May 2008 Monthly Forecast

Posted 30 April 2008
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Expected Council Action
A strong Council focus on Darfur is expected in May, in particular in the lead up to the scheduled Council visit to the region at the end of the month.

Discussions in the Council are expected to continue on proposed action to apply pressure to the parties to make progress with reaching a ceasefire, resuming the political process, and cooperating with the deployment of the UN-AU Mission (UNAMID) and perhaps the International Criminal Court (ICC).

At press time elements of a draft presidential statement, which would set out Council expectations and provide a framework for assessing progress, were expected to emerge. In May, members will also work on the terms of reference for the Council visit to the region, which could potentially include this new framework if and when agreement is reached.

The midterm briefing of the Panel of Experts to the Sudan sanctions committee is expected in May, delayed from March.

(On the north-south issue, at press time members were also poised to renew the mandate of the UN Mission in the Sudan (UNMIS) by 29 April.)

Key Recent Developments
In April the conflict in Darfur reached its fifth anniversary amidst unrelenting violence, banditry and worsening humanitarian conditions. Clashes between rebels and government forces persist, particularly in West Darfur. Humanitarian access has also been constrained by the presence of Chadian rebels. In a Council briefing on 22 April, Under Secretary-General for Humanitarian Affairs John Holmes estimated that among Darfur’s six million people, 4.27 million have now been seriously affected by the conflict; 2.45 million are internally displaced, while 260,000 fled to neighbouring countries.

Attacks against aid workers and associated personnel are rising. Since January, 106 vehicles have been attacked. The World Food Programme (WFP) announced in April that deliveries had been severely affected and food rations would be halved. About 2.1 million civilians are currently assisted by WFP.

The situation between north and south Sudan also seems to have reached a key stage. After considerable delays and disagreement, the national census started on 22 April. (This is of critical importance for the implementation of the Comprehensive Peace Agreement, or CPA—which provides a national political and economic framework for the entire Sudan—and, in particular, for the national elections set for 2009.) At press time, the south remained concerned and suspicious of the accuracy of forthcoming results.

There were reports that leading Darfur rebel commanders and some in displaced communities oppose the census. The argument seems to be that continuing insecurity prevented its meaningful completion, especially as some communities would be inaccessible, and refugees in Chad would not be included. (The current insecurity also poses significant challenges to the 2009 elections.)

The UN-AU mediation team held talks with rebel groups and government officials in April. This latest round was aimed at gauging prospects for negotiations on security arrangements, including a ceasefire or a cessation of hostilities. The team seems intent on continuing an all-inclusive approach with the main rebel groups, apparently bearing in mind the lessons from shortcomings faced by the former Abuja process regarding the risks of not having all main groups on board.

The parties reportedly agreed in principle to discussions on security arrangements, but suspicion, rebel fragmentation and fundamental issues of substance remain unresolved.

The team has reiterated that a meaningful solution to the conflict in Darfur would require parallel progress with normalising Chad-Sudan relations. However, progress on this front remained elusive as Khartoum and N’Djamena continued to trade accusations—including letters to the Council—of violations of the Dakar Agreement signed in March.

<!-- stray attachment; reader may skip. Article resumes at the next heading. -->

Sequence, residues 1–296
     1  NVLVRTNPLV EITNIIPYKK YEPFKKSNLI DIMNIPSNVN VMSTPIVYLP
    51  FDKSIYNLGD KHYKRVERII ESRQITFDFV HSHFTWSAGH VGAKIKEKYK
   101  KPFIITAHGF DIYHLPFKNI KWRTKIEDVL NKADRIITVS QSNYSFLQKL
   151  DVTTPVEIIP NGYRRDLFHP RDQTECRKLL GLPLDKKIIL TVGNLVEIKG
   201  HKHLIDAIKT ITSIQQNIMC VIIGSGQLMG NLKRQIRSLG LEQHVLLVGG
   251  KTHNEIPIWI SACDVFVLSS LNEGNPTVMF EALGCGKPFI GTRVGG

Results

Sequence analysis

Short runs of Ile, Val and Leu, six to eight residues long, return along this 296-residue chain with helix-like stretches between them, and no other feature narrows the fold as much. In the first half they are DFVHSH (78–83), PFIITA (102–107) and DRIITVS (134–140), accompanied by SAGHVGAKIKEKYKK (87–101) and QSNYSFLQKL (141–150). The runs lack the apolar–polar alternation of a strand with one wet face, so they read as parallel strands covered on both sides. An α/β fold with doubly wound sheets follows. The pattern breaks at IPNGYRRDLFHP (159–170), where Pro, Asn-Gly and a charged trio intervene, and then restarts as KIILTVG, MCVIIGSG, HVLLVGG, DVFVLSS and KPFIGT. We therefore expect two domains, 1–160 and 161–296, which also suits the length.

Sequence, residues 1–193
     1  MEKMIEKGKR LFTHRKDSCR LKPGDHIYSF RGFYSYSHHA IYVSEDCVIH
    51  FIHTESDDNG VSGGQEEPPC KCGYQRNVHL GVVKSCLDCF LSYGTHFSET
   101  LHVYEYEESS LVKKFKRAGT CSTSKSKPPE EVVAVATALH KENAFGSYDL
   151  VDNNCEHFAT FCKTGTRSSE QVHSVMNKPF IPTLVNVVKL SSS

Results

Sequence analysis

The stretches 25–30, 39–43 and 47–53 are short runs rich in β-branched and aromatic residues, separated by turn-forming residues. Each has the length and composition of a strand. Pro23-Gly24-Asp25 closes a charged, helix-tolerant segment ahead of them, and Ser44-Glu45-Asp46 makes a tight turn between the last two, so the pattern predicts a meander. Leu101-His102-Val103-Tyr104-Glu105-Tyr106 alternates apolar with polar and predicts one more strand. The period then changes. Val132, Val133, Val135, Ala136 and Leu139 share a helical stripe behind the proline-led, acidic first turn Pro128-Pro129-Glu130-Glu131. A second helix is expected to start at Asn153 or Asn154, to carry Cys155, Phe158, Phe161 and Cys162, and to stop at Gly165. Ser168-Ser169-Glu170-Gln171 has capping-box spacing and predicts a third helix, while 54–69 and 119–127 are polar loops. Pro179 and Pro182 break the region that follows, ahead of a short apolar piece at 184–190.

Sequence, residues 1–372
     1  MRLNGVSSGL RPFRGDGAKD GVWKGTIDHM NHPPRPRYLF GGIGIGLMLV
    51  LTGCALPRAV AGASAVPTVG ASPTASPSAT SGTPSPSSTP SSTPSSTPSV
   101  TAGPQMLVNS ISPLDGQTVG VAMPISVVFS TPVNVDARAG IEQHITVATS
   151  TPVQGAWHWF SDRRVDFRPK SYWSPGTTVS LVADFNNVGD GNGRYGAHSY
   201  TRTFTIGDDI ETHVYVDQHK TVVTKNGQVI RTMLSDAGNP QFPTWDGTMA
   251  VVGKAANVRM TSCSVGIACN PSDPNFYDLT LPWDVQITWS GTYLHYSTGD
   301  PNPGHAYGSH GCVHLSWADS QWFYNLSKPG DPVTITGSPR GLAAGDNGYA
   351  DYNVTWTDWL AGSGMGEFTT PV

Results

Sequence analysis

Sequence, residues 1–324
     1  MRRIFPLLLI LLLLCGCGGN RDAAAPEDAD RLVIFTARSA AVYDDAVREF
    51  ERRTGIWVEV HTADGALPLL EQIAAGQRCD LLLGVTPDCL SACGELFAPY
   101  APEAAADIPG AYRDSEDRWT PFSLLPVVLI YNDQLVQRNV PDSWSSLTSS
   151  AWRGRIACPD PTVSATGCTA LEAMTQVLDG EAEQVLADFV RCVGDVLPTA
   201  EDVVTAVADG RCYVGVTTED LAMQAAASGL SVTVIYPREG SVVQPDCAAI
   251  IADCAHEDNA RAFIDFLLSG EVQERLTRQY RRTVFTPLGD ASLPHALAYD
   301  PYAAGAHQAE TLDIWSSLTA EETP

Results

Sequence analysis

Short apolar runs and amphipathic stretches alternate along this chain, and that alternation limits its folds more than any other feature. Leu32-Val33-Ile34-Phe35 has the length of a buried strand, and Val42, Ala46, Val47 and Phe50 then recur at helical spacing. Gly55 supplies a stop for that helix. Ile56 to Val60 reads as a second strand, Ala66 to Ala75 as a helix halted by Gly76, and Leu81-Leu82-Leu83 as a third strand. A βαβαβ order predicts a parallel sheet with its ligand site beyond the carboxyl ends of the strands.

The Dakar Agreement Contact Group (comprising the Republic of Congo, Eritrea, Gabon, Libya and Senegal) met in Libreville in mid-April to discuss the Agreement’s implementation. Members agreed to reconvene in late April to negotiate the size and modalities for a Chad-Sudan border monitoring contingent.

In April the UK unveiled a proposal for peace talks in London between Khartoum and Darfur rebel groups. This seems to underline a broader high-level UK interest in progress in the political and peacekeeping tracks. Prospects for such talks remain unclear. At press time, it appeared that a government delegation was expected to go to London to discuss further details in late April.

US envoy Richard Williamson met rebel groups and government officials to discuss a future ceasefire and UNAMID’s deployment. Williamson also reportedly sent a letter to the Secretary-General in late March outlining US concerns with UNAMID’s progress, and urging the Secretariat to consider more flexible standards in order to accelerate the deployment of 3,600 peacekeepers by 1 June. (Some are concerned about the risks associated with any relaxing of operational standards.)

The 14 April report of the Secretary-General on UNAMID underscored the continuing challenges surrounding the mission’s deployment. The Secretary-General reiterated that it was imperative that contingents arrive in Darfur “adequately trained and fully self-sustaining in order to add value without overtaxing the mission’s capabilities.”

The report also noted that the mission lacked three medium utility helicopter units, four light tactical helicopters, one aerial reconnaissance unit, one medium transport unit, one heavy transport unit and one multi-role logistics unit. These contributions were deemed essential for protection, deterrence, surveillance, logistics and force sustainability.

On 22 April the Joint Special Representative and head of UNAMID, Rodolphe Adada, briefed the Council alongside Under Secretary-General Holmes. Adada said that the mission’s deployment had not increased substantially since taking over from the AU mission (AMIS) on 1 January. He noted that, in light of existing logistical challenges, the mission would need to re-evaluate deployment goals and work on a list of vital measures to implementation.

Units from Egypt, Bangladesh and Nigeria contributed as part of the earlier heavy support package for AMIS were expected in April and May, as well as two Ethiopian and Egyptian battalions as main UNAMID contingents. Units from Thailand and Nepal are expected to follow. Support from the “Friends of UNAMID” has continued, particularly with equipment, training and technical assistance to help troop contributors meet peacekeeping standards.

Options for the Council in May include:

  • increasing pressure on the parties by adopting a statement setting out Council expectations and establishing a framework for assessing progress with a ceasefire, peace talks and UNAMID’s deployment. (Some members prefer firm benchmarks and deadlines, others are looking at less prescriptive terminology);